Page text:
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Scandals continue to dominate talk

The scandals that have plagued the Obama administration over the last few weeks continued to dominate the talk in Washington this week.

Not even Congress being out of session could give the Obama administration some rest from the trio of scandals – House Oversight and Government Reform Chairman Darrel Issa (R-CA) issued subpoenas this week for e-mails and other documents relating to the 9/11 attacks in Benghazi that resulted in the death of four Americans.

The House Oversight and Government Reform Committee is also expected to continue hearings into the IRS targeting of conservative groups when Congress returns from its Memorial Day recess next week.

Oversight and Government Reform isn't the only committee weighing in on the recent scandals – the House Judiciary Committee is examining whether Attorney General Eric Holder lied under oath during congressional testimony on May 15th regarding the Justice Department's monitoring of journalists.

Second term Cabinet updates

President Obama is expected to nominate James Comey, a former Justice Department official under George W. Bush, to serve as the next FBI Director. Comey is likely to sail to confirmation with wide bipartisan support. Comey is likely to be selected instead of Lisa Monaco, another rumored candidate for the position, who currently serves as President Obama's chief counterterrorism advisor. Monaco would face a much tougher confirmation than Comey.

President Obama is naming Jason Furman, a longtime economic adviser, as the next chairman of the White House Council of Economic Advisers. He will replace Alan Krueger, the council's current chairman, who is returning to Princeton University in the fall to maintain his tenure status.

The saga of the nomination of Richard Cordray to serve as the head of the Consumer Financial Protection Bureau continues. It was reported this week that Sen. Rob Portman (R-OH) has been conferring with Richard Cordray to determine how best to get his nomination moving forward. Portman hopes to be able to move the Cordray nomination forward to a showdown over the use of filibusters in the Senate.

Climate change gets new life?

Despite the fact that President Obama's reelection campaign was almost completely silent on the issue of global warming, Organizing for Action, the advocacy group tooled from his 2012 campaign machine, has launched a campaign designed to build support for the president's climate-change agenda.

At the same time that Organizing for Action announced its new campaign, Senator Lamar Alexander (R-TN) laid out his vision for combatting climate-change in a speech this week. Alexander, one of the few Republican voices in either chamber willing to talk about the issue, emphasized the need for private sector innovation, rather than government intervention, to tackle the issue.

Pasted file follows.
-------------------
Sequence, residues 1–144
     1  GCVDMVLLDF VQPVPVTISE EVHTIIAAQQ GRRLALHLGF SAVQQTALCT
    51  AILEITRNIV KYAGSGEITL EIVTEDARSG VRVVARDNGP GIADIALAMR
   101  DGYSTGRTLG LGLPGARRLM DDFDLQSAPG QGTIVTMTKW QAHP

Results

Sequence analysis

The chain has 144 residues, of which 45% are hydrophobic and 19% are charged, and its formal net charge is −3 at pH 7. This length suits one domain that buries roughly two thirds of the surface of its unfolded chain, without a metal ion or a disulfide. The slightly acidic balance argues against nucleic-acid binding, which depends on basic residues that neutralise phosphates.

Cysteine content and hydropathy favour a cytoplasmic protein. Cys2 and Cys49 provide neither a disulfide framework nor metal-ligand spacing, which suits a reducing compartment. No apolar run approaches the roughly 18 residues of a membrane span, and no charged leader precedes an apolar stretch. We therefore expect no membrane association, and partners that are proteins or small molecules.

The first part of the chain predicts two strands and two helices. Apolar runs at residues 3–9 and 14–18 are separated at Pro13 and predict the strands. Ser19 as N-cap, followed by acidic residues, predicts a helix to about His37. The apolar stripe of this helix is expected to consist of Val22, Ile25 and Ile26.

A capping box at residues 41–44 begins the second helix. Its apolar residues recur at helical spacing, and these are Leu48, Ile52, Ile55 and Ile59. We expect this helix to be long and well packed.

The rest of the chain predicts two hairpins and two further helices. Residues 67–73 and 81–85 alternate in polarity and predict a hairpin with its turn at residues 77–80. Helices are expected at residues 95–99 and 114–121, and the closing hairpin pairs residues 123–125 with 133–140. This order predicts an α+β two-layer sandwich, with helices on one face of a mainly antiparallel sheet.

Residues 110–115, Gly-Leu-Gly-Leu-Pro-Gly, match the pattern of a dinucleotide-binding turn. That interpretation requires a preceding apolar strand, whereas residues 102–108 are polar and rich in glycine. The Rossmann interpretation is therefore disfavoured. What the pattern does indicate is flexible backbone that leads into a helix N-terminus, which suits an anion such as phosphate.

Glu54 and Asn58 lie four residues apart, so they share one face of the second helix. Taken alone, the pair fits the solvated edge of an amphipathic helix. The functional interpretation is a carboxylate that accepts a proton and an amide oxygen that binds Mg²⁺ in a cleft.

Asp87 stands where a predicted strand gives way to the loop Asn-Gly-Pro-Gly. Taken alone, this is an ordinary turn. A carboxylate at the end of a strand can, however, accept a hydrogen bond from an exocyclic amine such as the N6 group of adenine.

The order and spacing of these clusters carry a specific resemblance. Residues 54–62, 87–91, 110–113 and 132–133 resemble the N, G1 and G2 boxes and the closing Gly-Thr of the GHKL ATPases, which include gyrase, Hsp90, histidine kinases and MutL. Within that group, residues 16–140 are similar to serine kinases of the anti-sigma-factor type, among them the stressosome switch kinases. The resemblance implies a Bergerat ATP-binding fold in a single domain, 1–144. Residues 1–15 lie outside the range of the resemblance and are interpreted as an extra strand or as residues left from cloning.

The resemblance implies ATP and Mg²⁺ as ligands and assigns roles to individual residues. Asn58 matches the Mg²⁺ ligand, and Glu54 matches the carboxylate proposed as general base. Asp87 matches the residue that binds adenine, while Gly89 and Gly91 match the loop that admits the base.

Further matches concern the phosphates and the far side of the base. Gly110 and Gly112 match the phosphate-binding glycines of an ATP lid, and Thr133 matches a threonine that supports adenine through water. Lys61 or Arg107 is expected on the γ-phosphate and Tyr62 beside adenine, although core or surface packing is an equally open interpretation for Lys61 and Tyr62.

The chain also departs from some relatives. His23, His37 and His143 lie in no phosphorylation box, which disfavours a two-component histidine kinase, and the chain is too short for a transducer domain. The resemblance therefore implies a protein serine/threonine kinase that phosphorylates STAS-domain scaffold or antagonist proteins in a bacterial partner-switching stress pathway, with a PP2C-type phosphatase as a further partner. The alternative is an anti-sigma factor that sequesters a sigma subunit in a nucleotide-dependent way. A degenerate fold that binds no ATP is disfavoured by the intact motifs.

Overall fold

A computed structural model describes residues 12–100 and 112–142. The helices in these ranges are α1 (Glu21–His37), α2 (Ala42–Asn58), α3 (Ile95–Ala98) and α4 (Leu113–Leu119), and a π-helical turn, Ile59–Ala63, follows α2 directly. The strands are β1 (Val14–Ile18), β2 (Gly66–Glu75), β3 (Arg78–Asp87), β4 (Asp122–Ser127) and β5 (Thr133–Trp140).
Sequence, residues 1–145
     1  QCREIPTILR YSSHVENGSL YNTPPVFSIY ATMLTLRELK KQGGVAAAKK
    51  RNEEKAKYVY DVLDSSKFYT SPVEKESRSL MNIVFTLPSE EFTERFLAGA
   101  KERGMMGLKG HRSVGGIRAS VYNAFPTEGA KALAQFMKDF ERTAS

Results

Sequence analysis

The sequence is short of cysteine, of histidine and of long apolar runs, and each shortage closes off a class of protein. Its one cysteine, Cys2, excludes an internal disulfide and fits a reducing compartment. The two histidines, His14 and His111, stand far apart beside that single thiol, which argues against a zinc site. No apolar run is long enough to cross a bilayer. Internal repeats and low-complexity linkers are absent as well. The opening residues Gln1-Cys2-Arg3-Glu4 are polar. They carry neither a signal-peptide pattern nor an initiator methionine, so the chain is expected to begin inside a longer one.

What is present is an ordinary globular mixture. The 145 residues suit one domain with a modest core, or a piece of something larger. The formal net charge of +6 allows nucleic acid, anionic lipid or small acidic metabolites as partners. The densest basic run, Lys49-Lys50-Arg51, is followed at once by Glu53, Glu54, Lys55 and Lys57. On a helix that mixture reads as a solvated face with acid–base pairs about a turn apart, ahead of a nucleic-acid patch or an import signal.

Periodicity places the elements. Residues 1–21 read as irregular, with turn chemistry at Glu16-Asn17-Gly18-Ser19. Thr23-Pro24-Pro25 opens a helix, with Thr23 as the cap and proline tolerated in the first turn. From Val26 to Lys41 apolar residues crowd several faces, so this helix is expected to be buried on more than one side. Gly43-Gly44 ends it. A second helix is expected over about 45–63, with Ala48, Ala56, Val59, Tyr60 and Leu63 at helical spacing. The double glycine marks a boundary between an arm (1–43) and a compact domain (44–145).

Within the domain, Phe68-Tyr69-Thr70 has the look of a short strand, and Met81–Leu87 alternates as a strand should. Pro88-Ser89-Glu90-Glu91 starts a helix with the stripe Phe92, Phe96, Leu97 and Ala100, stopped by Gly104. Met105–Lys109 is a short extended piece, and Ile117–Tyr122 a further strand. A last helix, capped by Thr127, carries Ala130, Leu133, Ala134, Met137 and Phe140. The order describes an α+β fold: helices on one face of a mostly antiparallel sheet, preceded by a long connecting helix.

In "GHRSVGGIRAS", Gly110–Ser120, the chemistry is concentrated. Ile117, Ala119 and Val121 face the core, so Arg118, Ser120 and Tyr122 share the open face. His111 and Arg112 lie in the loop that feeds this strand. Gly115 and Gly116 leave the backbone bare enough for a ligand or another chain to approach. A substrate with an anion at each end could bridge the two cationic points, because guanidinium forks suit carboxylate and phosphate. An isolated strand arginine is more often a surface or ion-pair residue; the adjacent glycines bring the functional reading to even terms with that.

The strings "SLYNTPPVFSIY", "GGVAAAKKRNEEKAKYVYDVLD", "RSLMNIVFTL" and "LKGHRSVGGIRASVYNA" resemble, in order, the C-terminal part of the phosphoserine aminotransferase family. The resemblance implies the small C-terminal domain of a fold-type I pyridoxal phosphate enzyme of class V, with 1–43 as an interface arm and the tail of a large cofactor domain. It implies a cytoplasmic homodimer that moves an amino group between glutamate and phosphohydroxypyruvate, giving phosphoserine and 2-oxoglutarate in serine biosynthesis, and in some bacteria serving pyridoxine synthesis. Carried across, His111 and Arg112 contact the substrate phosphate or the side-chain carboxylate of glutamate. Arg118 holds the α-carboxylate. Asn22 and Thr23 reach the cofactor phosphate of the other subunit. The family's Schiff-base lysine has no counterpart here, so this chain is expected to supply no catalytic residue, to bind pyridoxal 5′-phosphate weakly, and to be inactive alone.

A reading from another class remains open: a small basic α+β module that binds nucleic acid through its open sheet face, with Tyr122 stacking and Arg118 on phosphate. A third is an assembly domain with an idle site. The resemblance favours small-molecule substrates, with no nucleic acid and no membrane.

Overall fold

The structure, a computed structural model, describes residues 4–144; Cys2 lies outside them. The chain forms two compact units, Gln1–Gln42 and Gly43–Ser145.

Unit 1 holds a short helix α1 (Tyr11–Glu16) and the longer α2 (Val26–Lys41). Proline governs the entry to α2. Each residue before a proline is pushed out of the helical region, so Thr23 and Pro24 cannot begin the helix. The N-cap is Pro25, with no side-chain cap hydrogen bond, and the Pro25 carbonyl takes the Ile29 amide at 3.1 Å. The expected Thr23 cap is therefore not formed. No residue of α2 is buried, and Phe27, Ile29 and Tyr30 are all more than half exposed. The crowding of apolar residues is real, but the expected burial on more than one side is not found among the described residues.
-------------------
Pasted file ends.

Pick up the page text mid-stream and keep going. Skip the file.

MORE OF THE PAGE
Political Bits:


Minnesota –  Sixth Congressional District: Controversial Rep. Michele Bachmann (R-MN), the founder of the House Tea Party caucus, announced this week that she would not seek a fifth term in Congress. Bachmann's decision comes as good news for Republicans hoping to protect their House majority. Bachmann was the subject of a federal investigation and faced a tough reelection against a Democrat who she bested by just one percent in 2012.


Iowa – Secretary of State Matt Schultz (R-IA) announced this week that he will not run for the Senate seat of retiring Senator Tom Harkin (D-IA). As a result, all seven Republican statewide or federal officeholders have now announced that they decided against running for the seat.

Minnesota – Mike McFadden (R-MN), a first time candidate for public office, announced this week that he would run for the Republican nomination to face Senator Al Franken (D-MN) in 2014.

Nebraska – Rep. Jeff Fortenberry (R-NE) announced that he will not run for the Senate in 2014, while Midland University President Ben Sasse (R-NE) announced that he will embark on a listening tour this summer to consider a bid.

Massachusetts Special – Rep. Ed Markey (D-MA) plans to release his tax returns today after days of public pressure from his Republican opponent Gabriel Gomez. Markey is also expected to announce the endorsement of Boston Mayor Tom Menino (D-MA) today in Dorchester, Massachusetts.

A look ahead:


Monday, June 3 – The House Oversight and Government Reform’s Financial Services and General Government Subcommittee will hold a hearing on IRS oversight at 3:00 p.m. in 2359 Rayburn.

Monday, June 3 – The House Foreign Affairs Africa, Global Health, Global Human Rights, and International Organizations Subcommittee will hold a hearing on Tragic Anniversary of the 1989 Tiananmen Square Protests and Massacre at 3:00 p.m. in 2172 Rayburn.

Washington by the numbers:

$4.72 BILLION – The largest merger between a U.S. and Chinese company in history was proposed this week between U.S. pork producer Smithfield Foods and Shuanghui International Holdings. 

Washington humor:

How much does it cost to go on an alligator hunt with Sen. David Vitter (R-LA) for a super PAC fundraiser? A mere $5,000 (Yes, this is an actual Vitter fundraiser – sometimes reality is funnier than fiction).



 Steven C. LaTourette, President | 202.737.8933

McDonald Hopkins Government Strategies LLC
101 Constitution Avenue NW, Suite 600 East, Washington, D.C. 20001


Although McDonald Hopkins Government Strategies LLC is owned by the law firm McDonald Hopkins LLC, McDonald Hopkins Government Strategies is not a law firm and does not provide legal services. Accordingly, the retention of McDonald Hopkins Government Strategies does not create a client-lawyer relationship and the protections of the client-lawyer relationship, such as attorney-client privilege and the ethics rules pertaining to conduct by lawyers, do not apply.